Chronic compression of the ulnar nerve at the elbow is the second most common entrapment neuropathy. Various surgical options have been described. Timing of surgery is also debated. In this study we report the long-term results of a consecutive surgical series of anterior subcutaneous transpositions and review the pertinent literature. Sixty consecutive patients underwent anterior subcutaneous transposition at our Institution to treat ulnar nerve compression at the elbow. McGowan scale was used in the neurological exam before surgery. Bishop rating system was used to assess outcome. Seventy-eight% of patients scored good-excellent. None of the patients worsened. No complications and no recurrences were reported. Young age and good pre-operative neurological status (McGowan grade 1) were predictive of favorable outcome both at univariate and at multivariate analysis. No differences in outcome were observed between patients with intermediate (McGowan grade 2) and severe (McGowan grade 3) neuropathy. Thirty-four studies assessing outcome of different surgical techniques were reviewed. Anterior subcutaneous transposition had the lowest recurrence rate with an excellent effectiveness and safety profile. The favorable predictive role for outcome of preoperative neurological status was confirmed. The good long-term clinical results of the present series and the results of literature analysis confirm the value of anterior subcutaneous transposition of the ulnar nerve at the elbow. This technique has a particular effectiveness in most severe compressions, where outcomes are comparable with intermediate neuropathy cases. Moreover, our results suggest an aggressive attitude towards ulnar nerve compression at the elbow, particularly in younger patients.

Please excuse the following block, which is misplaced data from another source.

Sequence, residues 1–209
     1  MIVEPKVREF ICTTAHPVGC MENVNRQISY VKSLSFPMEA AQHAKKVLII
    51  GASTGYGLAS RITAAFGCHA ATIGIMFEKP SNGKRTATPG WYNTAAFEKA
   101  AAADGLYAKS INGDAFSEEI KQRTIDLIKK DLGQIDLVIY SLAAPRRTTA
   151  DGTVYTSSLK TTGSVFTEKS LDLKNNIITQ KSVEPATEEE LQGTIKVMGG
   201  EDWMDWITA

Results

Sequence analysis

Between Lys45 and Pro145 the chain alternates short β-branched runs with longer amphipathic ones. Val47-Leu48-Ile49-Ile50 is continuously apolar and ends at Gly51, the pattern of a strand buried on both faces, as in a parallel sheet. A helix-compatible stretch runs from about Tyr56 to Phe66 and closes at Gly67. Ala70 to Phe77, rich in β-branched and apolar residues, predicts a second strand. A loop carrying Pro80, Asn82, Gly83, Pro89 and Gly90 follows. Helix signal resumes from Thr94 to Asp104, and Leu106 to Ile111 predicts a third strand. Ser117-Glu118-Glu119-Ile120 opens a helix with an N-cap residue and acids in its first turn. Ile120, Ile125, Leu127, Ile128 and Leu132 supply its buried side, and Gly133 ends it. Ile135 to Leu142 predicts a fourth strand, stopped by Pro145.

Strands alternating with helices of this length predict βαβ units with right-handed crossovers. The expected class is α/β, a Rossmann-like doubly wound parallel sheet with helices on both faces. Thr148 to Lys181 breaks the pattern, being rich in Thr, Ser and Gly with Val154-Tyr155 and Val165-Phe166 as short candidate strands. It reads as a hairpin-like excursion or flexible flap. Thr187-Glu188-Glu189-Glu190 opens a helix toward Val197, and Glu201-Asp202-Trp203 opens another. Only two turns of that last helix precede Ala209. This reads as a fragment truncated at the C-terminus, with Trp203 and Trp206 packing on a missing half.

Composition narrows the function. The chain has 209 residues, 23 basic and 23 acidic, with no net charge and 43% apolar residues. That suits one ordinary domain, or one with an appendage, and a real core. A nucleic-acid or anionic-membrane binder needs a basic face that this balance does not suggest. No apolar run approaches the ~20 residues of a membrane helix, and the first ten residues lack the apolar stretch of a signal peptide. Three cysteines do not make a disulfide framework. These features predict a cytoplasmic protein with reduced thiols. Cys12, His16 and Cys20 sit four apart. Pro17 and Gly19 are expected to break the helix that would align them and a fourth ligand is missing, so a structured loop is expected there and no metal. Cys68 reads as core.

- ulnar nerve, entrapment